They’re Playing My Song

A segment of high school graduates don’t ever return to their high school reunions. Once they leave they want nothing more to do with those days. It’s not one particular reason for the shunning of those memories. Actually it can be dozens of reasons and it is what it is. If those years caused bad memoires then no need for instant replays.

I fall into the larger group who always looks forward to the reconvening of adolescent times with that group of guys and gals who experienced the tunes, teachers, sports, dances and of course raging hormones.

It doesn’t matter that graduation might be a half century removed. We become teens again, listening to the favorite tunes, and retelling (with embellishments) the same old war stories. Most of us actually feel that age again. It’s some kind of magic elixir that reunions provide. Our brains become teen brains and we even look at each other with our teen eyes and memories.


We reunion attendees don’t analyze those magical transformations, we just say so long, go back to our normal fast-aging minds and bodies, and hope to see one another five years hence.

I recently read some great studies with old farts and reliving older teen times. Amazing transformations took place.

A group of men only, aged from late ‘70s to early ‘80s spent seven days sequestered in a refurbished monastery totally transformed into 1959. |
All news, television, pictures and talks were things from 1959.

Every day the professor administering the test study led talks about current news of the day.

Fidel Castro was just entering Havana after his glorious march across Cuba. Panty hose were just invented. The USA had just launched their first satellite, trying to catch the Soviet Union who already was bragging about their successful Sputnik. Baltimore was victorious in the NFL Championship game (eight years before any Super Bowl).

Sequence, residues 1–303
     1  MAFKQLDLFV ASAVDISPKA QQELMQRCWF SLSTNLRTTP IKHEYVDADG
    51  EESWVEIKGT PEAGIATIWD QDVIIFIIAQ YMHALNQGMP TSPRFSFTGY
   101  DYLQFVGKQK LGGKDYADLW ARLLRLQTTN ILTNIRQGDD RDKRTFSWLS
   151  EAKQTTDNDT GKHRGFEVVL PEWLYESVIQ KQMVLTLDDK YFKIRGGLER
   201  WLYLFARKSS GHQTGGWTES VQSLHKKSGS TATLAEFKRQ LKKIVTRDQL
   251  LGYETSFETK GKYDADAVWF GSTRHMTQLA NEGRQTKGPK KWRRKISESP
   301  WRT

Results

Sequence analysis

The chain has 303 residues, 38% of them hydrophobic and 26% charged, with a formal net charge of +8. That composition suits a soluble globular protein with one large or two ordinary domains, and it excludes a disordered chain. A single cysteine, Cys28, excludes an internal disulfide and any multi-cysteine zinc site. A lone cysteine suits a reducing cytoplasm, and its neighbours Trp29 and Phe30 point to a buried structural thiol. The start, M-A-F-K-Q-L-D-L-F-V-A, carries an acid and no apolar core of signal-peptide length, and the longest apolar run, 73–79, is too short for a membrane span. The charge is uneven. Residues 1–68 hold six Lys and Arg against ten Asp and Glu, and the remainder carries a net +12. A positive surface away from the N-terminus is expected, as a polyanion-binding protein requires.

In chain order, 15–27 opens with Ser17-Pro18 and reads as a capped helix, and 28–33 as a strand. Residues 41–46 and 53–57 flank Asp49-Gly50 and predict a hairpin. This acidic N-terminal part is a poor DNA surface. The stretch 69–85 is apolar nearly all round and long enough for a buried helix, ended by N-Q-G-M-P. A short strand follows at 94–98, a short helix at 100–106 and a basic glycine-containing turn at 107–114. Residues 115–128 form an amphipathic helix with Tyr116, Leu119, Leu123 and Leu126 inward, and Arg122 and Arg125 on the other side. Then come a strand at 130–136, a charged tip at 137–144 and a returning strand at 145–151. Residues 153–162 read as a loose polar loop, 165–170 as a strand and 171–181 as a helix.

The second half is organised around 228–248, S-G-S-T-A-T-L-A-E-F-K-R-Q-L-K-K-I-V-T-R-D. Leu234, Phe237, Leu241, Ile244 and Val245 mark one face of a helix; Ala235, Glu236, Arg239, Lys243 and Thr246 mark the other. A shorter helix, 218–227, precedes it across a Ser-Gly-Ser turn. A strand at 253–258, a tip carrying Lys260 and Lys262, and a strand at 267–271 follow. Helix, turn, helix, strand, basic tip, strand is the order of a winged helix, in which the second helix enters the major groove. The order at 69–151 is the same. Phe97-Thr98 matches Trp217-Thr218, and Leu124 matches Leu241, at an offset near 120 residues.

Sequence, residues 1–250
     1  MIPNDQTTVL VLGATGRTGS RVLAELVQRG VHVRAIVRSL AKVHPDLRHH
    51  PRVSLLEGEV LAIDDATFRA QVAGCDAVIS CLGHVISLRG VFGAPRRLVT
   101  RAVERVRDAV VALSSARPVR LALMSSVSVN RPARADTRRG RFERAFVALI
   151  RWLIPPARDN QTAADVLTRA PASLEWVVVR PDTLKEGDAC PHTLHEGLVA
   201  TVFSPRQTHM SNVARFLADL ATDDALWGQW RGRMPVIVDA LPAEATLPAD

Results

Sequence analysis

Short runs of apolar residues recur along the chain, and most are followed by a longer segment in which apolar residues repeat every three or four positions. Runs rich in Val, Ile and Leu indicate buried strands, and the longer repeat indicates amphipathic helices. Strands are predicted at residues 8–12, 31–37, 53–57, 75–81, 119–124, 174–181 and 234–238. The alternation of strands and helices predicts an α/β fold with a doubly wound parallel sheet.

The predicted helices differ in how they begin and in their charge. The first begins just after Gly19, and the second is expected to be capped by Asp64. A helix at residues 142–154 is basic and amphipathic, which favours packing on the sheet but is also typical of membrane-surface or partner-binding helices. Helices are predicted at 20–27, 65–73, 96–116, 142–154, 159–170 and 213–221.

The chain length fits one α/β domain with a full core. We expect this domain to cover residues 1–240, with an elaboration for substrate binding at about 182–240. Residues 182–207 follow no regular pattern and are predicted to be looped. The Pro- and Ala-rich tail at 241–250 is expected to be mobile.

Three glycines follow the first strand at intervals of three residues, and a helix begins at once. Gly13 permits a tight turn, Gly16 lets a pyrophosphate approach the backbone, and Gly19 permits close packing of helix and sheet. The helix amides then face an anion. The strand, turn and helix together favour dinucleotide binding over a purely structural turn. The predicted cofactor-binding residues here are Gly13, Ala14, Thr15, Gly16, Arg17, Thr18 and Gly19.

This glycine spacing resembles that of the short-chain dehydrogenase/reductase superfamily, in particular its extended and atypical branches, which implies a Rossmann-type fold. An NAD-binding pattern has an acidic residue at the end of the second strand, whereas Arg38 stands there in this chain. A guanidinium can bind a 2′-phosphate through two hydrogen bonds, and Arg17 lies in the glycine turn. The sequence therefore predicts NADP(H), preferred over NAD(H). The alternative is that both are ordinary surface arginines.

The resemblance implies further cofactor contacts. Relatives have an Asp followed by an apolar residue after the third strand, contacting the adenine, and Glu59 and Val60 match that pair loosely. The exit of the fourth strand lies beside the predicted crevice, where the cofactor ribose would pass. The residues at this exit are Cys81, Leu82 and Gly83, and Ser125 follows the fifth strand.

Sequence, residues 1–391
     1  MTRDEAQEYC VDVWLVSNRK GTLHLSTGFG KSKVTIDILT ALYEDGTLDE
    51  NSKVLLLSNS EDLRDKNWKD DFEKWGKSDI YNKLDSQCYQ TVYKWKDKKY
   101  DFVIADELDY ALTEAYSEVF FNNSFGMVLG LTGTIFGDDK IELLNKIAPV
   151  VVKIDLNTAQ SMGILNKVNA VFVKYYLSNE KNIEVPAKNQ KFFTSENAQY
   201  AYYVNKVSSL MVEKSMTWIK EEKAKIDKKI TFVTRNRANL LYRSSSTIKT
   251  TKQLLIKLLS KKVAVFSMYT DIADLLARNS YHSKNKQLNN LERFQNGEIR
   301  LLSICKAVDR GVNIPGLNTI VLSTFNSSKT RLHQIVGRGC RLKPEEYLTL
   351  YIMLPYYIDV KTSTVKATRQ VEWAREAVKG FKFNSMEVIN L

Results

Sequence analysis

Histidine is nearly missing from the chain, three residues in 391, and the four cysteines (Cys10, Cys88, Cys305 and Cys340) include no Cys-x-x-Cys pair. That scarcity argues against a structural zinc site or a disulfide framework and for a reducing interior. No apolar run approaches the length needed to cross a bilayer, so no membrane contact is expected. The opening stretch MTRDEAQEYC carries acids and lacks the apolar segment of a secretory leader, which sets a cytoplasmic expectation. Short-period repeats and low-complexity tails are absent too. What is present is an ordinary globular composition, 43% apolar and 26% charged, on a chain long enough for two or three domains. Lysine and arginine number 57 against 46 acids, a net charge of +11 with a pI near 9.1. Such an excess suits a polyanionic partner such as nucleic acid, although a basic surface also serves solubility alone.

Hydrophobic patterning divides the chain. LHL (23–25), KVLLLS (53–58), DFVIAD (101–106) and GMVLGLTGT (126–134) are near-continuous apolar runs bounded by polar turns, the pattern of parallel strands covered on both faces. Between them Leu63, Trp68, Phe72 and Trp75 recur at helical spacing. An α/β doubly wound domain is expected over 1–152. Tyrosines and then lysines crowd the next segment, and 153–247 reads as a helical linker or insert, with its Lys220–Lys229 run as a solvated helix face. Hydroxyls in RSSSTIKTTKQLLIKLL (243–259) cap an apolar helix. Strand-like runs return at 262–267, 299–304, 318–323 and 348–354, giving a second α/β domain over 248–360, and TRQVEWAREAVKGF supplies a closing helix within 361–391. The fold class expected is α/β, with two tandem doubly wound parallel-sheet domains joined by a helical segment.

Current best seller books were discussed like, Ian Fleming’s Goldfinger and Leon Uris’ Exodus. Current pop tunes were played like, Ricky Nelson’s “Never Be Anyone Else But You” and Paul Anka’s “Put Your Head On My Shoulder” and Dion and The Belmonts’ “Teenager in Love.”

Movies were watched like Marilyn Monroe in “Some Like It Hot.” TV shows played the hits of Ed Sullivan, Jackie Gleason and Jack Benny.


It was a total seven day immersion in 1959.

Obviously complete physicals and photos were taken before and after the seven days.

A control group of same-aged men were also sequestered for a week in a retreat. These men were told they would be reminiscing about 1959. However they were not in the controlled environment as the first 1959 group.

The second group of men reminiscing about 1959 were studied the same regarding their before and after photos, physicals, etc.

Bottom line:

The second group had no changes…period.

The controlled group that were living daily as if it were 1959 showed dramatic improvement in their physical pictures…they looked considerably younger.
Their memory, vision, hearing and physical strength had improved. They all looked, felt and acted younger.


I’m writing a letter to my classmates to vote on the possibility of having our high school reunions every six months.
Might gain a few years back.

About bakoheat

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One Response to They’re Playing My Song

  1. George May says:

    Count us in, Dan!
    George & Karen

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